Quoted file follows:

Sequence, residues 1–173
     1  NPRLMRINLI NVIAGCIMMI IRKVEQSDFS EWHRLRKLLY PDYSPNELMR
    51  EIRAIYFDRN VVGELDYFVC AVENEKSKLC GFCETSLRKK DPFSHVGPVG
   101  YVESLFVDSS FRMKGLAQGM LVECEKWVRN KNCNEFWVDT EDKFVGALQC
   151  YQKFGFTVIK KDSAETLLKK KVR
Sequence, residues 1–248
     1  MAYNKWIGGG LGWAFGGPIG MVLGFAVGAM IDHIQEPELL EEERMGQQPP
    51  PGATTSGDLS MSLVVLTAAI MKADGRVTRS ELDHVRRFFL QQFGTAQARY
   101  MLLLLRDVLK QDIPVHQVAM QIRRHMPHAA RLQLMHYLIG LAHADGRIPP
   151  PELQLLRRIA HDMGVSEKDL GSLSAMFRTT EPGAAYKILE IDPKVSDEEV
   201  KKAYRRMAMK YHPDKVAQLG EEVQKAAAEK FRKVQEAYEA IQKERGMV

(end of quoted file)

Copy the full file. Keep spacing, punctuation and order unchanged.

Sequence, residues 1–173
     1  NPRLMRINLI NVIAGCIMMI IRKVEQSDFS EWHRLRKLLY PDYSPNELMR
    51  EIRAIYFDRN VVGELDYFVC AVENEKSKLC GFCETSLRKK DPFSHVGPVG
   101  YVESLFVDSS FRMKGLAQGM LVECEKWVRN KNCNEFWVDT EDKFVGALQC
   151  YQKFGFTVIK KDSAETLLKK KVR
Sequence, residues 1–248
     1  MAYNKWIGGG LGWAFGGPIG MVLGFAVGAM IDHIQEPELL EEERMGQQPP
    51  PGATTSGDLS MSLVVLTAAI MKADGRVTRS ELDHVRRFFL QQFGTAQARY
   101  MLLLLRDVLK QDIPVHQVAM QIRRHMPHAA RLQLMHYLIG LAHADGRIPP
   151  PELQLLRRIA HDMGVSEKDL GSLSAMFRTT EPGAAYKILE IDPKVSDEEV
   201  KKAYRRMAMK YHPDKVAQLG EEVQKAAAEK FRKVQEAYEA IQKERGMV